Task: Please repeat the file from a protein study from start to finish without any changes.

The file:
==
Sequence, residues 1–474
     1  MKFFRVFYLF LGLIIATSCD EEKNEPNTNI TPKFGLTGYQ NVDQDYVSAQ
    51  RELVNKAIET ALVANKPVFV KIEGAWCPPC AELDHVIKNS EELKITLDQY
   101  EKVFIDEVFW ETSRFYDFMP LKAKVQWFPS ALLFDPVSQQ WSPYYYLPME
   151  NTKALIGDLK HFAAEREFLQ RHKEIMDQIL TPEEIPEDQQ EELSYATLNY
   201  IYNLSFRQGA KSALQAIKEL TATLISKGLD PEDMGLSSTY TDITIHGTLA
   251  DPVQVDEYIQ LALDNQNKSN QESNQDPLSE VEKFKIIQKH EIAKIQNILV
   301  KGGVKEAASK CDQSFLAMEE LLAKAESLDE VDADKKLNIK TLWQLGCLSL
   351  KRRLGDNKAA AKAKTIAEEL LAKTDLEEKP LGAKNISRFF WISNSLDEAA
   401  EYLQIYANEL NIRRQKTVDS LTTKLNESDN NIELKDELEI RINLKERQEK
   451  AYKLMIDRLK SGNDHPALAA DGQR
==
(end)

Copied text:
Sequence, residues 1–474
     1  MKFFRVFYLF LGLIIATSCD EEKNEPNTNI TPKFGLTGYQ NVDQDYVSAQ
    51  RELVNKAIET ALVANKPVFV KIEGAWCPPC AELDHVIKNS EELKITLDQY
   101  EKVFIDEVFW ETSRFYDFMP LKAKVQWFPS ALLFDPVSQQ WSPYYYLPME
   151  NTKALIGDLK HFAAEREFLQ RHKEIMDQIL TPEEIPEDQQ EELSYATLNY
   201  IYNLSFRQGA KSALQAIKEL TATLISKGLD PEDMGLSSTY TDITIHGTLA
   251  DPVQVDEYIQ LALDNQNKSN QESNQDPLSE VEKFKIIQKH EIAKIQNILV
   301  KGGVKEAASK CDQSFLAMEE LLAKAESLDE VDADKKLNIK TLWQLGCLSL
   351  KRRLGDNKAA AKAKTIAEEL LAKTDLEEKP LGAKNISRFF WISNSLDEAA
   401  EYLQIYANEL NIRRQKTVDS LTTKLNESDN NIELKDELEI RINLKERQEK
   451  AYKLMIDRLK SGNDHPALAA DGQR